The fairy tale existance of Google is starting to experience shockwaves.
So, what's the source of these shockwaves? Click fraud. As my readers know, I've written several articles on the subject of click fraud, suggesting that since it's the market leader, Google should take a more proactive approach with the problem of click fraud.
Until now, Google has been mostly quiet about the subject, issuing this single statement to the Securities and Exchange Commission:
"We are exposed to the risk of fraudulent clicks on our ads. We have regularly paid refunds related to fraudulent clicks and expect to do so in the future. If we are unable to stop this fraudulent activity, these refunds may increase. If we find new evidence of past fraudulent clicks, we may have to issue refunds retroactively of amounts previously paid to our Google Network members. "
So, why isn't Google doing more about click fraud? In one of my articles, I theorized that with the amount of money involved, it's actually more cost effective for Google to issue an occasional refund to its advertisers, than to develop technology to eliminate click fraud.
That theory was echoed in a recent article, in which the author wrote:
"Google's primary defense against click fraud has been to refund advertisers their money if they complain and Google sees evidence that fraudulent clicks have occured. The problem with this is that the burden of proof is on the advertiser . . . and Google knows that most advertisers will not take the time to argue. Therefore, Google has a financial incentive not to deal with click fraud on their own. It not only costs them to deal with the problem but if they do find a solution to stopping click fraud . . . it will cost Google much more when they don't get paid for 20 percent or more of their clicks. "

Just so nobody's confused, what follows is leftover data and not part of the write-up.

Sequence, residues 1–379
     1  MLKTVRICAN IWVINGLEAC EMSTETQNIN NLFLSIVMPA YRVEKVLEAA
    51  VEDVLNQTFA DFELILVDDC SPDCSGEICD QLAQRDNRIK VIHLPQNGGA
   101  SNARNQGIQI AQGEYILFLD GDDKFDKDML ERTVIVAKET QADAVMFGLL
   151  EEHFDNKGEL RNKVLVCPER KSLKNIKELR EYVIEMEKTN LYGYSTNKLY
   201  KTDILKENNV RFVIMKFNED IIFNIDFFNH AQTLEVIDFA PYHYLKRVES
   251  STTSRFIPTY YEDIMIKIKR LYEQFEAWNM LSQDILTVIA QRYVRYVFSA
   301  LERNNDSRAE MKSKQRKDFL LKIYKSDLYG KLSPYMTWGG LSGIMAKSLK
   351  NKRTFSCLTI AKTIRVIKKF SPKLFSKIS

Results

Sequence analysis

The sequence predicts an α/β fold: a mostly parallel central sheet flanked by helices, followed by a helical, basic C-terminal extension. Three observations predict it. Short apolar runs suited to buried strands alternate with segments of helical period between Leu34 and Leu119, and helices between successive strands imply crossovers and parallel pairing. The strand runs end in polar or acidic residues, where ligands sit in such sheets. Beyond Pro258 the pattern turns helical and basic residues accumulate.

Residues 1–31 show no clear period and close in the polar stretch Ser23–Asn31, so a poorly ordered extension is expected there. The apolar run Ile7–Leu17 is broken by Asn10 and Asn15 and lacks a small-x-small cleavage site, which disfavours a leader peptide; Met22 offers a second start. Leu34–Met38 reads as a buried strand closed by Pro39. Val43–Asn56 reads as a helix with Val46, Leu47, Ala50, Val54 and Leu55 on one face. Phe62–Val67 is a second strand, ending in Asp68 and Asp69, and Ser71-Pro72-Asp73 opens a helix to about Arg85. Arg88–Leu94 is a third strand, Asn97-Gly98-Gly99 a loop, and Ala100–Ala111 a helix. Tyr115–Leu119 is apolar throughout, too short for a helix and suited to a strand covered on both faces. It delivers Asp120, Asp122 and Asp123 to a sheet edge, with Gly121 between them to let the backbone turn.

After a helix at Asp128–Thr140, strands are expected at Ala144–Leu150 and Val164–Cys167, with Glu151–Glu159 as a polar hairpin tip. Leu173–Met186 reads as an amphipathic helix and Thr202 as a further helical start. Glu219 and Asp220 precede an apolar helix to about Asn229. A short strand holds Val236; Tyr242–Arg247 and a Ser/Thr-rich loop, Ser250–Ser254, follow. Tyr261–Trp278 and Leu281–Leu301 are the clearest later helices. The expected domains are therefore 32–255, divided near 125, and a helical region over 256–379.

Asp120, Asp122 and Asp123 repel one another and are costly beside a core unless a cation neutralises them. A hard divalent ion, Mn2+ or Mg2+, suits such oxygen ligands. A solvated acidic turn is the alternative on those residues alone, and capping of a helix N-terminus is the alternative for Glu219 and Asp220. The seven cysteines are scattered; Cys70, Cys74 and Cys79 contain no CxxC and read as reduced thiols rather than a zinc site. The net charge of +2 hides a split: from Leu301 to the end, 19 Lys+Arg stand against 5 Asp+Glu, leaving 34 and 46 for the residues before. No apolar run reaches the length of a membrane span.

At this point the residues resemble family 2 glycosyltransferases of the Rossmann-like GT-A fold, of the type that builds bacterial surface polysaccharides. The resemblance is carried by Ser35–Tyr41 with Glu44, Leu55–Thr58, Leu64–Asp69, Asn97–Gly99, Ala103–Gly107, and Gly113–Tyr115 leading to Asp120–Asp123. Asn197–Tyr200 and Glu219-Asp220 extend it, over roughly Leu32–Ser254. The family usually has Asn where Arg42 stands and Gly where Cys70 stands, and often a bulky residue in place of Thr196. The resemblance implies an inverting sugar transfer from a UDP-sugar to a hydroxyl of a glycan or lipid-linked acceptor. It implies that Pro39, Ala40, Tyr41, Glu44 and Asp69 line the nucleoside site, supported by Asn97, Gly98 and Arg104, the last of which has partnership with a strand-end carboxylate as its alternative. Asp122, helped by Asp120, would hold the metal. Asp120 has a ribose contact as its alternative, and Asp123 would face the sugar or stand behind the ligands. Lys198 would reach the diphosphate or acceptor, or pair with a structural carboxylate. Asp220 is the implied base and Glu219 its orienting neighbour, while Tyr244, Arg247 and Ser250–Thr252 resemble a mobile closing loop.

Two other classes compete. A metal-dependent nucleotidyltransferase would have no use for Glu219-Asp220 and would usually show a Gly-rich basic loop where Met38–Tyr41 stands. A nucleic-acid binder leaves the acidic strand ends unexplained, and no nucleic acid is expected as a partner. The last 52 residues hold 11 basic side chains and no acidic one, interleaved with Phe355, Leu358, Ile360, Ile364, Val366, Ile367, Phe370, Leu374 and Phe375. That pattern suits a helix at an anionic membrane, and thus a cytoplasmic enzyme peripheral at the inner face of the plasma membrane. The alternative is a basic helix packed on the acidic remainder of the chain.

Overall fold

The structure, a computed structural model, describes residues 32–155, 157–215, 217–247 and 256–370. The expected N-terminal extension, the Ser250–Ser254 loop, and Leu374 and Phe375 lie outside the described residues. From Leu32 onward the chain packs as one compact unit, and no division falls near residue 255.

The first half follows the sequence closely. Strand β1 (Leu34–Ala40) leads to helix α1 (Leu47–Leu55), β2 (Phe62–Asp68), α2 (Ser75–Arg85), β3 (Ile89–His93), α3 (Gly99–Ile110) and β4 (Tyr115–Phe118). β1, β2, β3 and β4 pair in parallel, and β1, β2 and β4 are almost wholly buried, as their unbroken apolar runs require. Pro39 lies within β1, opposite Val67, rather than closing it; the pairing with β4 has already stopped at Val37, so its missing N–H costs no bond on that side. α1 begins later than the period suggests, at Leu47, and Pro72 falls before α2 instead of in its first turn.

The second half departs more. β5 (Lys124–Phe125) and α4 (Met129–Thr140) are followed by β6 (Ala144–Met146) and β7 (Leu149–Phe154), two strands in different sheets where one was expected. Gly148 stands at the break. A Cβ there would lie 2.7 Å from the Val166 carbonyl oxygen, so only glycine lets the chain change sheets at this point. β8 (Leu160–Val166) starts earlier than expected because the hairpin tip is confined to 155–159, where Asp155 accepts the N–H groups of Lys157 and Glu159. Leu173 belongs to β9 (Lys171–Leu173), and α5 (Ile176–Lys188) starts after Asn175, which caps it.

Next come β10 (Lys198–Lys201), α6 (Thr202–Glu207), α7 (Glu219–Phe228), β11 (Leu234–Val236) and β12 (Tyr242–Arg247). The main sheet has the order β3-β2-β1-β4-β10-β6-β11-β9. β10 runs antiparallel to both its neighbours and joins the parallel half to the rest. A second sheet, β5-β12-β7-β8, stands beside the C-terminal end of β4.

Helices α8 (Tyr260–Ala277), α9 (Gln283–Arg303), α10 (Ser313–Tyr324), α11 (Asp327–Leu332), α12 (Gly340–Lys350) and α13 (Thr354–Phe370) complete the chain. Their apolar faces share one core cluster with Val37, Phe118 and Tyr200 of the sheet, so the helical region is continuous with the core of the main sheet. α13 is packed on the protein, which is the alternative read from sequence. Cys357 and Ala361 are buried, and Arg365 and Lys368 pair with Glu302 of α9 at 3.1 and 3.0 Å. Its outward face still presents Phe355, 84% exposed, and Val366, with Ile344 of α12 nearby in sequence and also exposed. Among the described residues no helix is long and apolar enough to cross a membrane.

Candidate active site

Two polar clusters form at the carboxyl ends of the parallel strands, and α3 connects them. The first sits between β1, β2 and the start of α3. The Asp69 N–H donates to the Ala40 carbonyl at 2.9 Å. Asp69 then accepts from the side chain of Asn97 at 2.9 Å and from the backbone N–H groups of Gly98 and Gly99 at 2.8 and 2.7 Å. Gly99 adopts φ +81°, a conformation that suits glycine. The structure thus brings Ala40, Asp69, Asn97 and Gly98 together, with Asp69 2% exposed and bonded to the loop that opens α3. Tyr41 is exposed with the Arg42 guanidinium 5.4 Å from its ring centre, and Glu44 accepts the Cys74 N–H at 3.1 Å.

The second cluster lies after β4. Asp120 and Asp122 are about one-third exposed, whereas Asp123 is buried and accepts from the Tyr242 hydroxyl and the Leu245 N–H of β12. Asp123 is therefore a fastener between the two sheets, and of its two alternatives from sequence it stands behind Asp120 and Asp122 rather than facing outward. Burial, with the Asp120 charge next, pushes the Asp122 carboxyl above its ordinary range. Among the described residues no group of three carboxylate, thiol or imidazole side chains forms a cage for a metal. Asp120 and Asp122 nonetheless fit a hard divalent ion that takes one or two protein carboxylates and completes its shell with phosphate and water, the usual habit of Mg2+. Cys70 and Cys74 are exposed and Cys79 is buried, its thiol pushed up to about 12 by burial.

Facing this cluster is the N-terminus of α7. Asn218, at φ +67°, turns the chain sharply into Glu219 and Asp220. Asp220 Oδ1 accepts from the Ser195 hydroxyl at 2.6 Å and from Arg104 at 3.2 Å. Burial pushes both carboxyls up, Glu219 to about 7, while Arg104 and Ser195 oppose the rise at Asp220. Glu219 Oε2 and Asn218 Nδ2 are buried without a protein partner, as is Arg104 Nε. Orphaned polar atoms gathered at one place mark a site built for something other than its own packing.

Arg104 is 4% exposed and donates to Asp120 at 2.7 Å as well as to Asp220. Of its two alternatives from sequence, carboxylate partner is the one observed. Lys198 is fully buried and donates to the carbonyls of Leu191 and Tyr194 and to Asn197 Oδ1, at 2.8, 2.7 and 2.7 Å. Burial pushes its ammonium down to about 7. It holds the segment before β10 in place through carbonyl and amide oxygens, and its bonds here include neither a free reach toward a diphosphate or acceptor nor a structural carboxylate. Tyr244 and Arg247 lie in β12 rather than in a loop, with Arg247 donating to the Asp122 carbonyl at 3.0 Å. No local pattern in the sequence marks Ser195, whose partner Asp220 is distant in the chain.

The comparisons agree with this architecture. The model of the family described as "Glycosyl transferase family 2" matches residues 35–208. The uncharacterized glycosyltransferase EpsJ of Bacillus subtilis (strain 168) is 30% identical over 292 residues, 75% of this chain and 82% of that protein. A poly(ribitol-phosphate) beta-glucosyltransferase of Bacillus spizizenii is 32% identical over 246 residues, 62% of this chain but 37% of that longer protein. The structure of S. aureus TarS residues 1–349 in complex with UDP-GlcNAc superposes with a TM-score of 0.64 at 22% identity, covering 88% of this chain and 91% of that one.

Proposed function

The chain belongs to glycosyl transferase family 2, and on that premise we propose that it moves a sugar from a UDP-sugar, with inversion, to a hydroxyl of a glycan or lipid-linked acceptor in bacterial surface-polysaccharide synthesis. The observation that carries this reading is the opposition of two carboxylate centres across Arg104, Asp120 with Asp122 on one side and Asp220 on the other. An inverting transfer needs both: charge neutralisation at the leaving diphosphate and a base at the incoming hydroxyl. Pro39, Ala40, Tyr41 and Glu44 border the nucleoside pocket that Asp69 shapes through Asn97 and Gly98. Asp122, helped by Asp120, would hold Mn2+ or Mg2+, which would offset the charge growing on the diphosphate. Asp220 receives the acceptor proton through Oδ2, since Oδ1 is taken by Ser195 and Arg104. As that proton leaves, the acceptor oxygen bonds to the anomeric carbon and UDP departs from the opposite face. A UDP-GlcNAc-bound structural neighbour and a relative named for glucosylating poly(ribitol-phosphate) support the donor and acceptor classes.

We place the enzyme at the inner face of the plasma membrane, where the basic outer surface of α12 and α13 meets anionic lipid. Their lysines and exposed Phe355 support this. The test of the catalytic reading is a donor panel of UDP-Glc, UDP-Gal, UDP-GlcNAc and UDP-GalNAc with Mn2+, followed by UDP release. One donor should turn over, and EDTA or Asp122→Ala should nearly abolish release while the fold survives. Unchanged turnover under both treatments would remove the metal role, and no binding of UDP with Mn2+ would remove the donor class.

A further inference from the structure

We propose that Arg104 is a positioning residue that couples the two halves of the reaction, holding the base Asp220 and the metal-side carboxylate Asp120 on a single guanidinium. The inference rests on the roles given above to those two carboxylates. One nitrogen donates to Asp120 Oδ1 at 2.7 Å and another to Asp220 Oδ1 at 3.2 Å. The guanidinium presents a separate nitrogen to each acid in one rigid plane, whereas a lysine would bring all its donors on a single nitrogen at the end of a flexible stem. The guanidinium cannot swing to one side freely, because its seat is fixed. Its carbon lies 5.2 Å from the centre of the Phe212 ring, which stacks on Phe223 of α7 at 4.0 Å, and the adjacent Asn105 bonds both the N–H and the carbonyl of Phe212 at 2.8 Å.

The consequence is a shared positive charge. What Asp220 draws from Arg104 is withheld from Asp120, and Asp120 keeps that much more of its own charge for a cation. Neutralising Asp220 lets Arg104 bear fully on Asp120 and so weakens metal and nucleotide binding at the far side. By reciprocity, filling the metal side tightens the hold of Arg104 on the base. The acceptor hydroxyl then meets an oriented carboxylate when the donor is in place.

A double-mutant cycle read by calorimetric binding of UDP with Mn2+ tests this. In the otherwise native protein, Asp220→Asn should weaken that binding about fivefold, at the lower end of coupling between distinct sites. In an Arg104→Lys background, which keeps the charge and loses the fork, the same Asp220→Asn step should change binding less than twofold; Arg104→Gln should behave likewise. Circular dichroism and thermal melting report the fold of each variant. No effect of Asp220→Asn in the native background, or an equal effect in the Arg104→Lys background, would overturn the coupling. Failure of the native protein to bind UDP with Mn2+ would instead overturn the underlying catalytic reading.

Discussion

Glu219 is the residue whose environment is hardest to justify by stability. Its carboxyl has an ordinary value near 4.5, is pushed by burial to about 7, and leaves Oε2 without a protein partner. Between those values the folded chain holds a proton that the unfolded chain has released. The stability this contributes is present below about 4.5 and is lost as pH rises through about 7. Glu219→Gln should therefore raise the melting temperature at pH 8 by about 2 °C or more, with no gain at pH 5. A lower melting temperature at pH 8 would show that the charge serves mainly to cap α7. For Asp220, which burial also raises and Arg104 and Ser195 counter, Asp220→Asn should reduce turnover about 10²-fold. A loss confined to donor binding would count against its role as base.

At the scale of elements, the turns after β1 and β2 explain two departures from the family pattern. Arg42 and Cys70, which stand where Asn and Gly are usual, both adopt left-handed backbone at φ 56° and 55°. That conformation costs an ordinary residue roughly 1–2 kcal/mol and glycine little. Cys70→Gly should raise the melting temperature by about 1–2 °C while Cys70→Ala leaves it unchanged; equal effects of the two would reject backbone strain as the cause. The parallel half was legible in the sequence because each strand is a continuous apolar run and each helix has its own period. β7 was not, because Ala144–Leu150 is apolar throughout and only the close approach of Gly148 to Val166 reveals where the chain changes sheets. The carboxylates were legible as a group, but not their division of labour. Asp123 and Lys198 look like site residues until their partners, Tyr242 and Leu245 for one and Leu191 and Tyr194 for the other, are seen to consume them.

However, all of that may be about to change. At an investor conference last Wednesday, Google CFO George Reyes stated:
"I think something has to be done about this really, really quickly, because I think, potentially, it threatens our business model. "
My question is this: What took Google so long to come to that realization? It's not like click fraud just magically appeared yesterday. The media has been reporting on the problem for at least the last 3 years.
Smug in its ivory tower, did Google think the problem was just going to go away by itself? Or was it waiting for Overture or one of the smaller pay-per-click companies to solve the problem, so it wouldn't have to deal with it?
These are troubling questions, to say the least. Even more troubling is Google's passive approach to a serious problem, which in my opinion has been reprehensible.
It should be interesting to see what Google's next move is. Google CFO George Reyes statement notwithstanding, I'll believe Google is serious about eliminating click fraud, when I finally see it!
About The Author
Dean Phillips is an Internet marketing expert, writer, publisher and entrepreneur. Questions? Comments? Dean can be reached at mailto: firstname.lastname@example.org .
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